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Is Muhammad a force of good?

Issue 82 July 2011

In the first of the series, Rageh Omaar asks a crucial and poignant question: was Muhammad a force of good or evil? It seems for a series commissioned by a Muslim (Aaqil Ahmed – BBC Head of Religion & Ethics), directed by a Muslim (Faris Kermani), presented by a Muslim (Rageh Omar) and written by a Muslim (Ziauddin Sardar), the answer is maybe.

Is Muhammad a force of good?

And that’s the problem with the first episode; in its bid to show an objective reflection, the program fails miserably to direct the narrative in any given way. We hear accolades of the 'man who changed the world' but no examples of how he actually achieved this. The narrative arc - or more precisely arcs - attempts to explore the life of Muhammad through modern contexts. This is understandable given that the vast majority of the audience would have never come across Muhammad in any other way. What is less understandable is the fact that all the contextual elements are negative. We are paraded through a list of modern flash points, from the 9/11 attacks at the beginning of the film to the marches and book burnings in Bradford at the end, but there are no positive modern flash points – no positive modern contexts.

Even when the episode redeems itself by exploring Khadijah – the Prophet’s first wife - and their unusual marriage, we only get the negative snipe of how the modern Muslim world fails to live up to such a legacy. And I'm sure we fail in every possible way but there are also amazing stories where we live up to the Prophet’s great legacy. It’s astounding that there were no mentions of powerful and incredible modern Muslims who, in the footsteps of Khadijah, are brilliant businesswomen, politicians, sports personalities and more.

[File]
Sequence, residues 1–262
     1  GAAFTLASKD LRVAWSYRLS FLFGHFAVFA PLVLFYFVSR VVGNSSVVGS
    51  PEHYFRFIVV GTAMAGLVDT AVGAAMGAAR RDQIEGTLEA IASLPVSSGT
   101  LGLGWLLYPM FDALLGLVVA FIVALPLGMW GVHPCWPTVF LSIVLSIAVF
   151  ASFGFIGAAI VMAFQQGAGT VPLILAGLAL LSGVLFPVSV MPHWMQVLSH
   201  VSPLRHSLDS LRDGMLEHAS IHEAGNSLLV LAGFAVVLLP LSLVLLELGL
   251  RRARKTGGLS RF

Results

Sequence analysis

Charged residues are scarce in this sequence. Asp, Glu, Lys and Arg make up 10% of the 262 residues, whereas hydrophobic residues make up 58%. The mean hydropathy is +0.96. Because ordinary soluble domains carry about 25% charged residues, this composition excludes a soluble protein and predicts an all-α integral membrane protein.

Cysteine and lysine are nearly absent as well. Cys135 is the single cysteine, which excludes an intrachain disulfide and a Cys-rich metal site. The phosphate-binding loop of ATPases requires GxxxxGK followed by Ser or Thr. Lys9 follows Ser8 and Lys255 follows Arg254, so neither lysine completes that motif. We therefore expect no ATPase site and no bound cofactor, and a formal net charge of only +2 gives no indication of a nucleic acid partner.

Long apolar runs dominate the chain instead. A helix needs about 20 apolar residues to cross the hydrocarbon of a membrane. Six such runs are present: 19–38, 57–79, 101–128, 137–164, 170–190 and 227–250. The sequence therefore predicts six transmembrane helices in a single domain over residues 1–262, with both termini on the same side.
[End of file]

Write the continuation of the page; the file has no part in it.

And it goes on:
Ironically, however, the first episode is able to handle the Prophet’s life, in its own historical context, in a better light – sometimes quite beautifully and in a compelling way. We are treated to the normality and humanness of the Prophet through the exploration of his birth. There was no star to mark it, no kings bearing gifts and no extraordinary event symbolising the moment - and the Arabs do not celebrate it. We are also shown the non-violent character of the Prophet’s movement and how in the early years, despite persecution, there was no violent upheaval or confrontation. There is good commentary on the social justice elements of early Islam through explanations of the revolutionary fervour that ran through its message. Many of the early converts were either aristocratic or people on the margins of society; by bringing them together, early Islam proved to be a social movement with justice at its core. There are moments of great documentary drama that beautifully explore the religious significance of Muhammad’s life. My favourite scene is that of the first revelation, where Rageh captures the unworldly experience of Divine contact and the drama of the consecutive commands of Iqra (Read!). The bewildering feeling of awe and disbelief is narrated with great passion and eloquence, befitting this epic and defining moment.

Overall, the series looks promising and well worth a watch; however, it missed the opportunity to redefine the modern narratives around Islam and its final Prophet. Perhaps these are addressed more effectively in the following shows – I will be looking out for it.

(Nafe Anam/emel.com)

 

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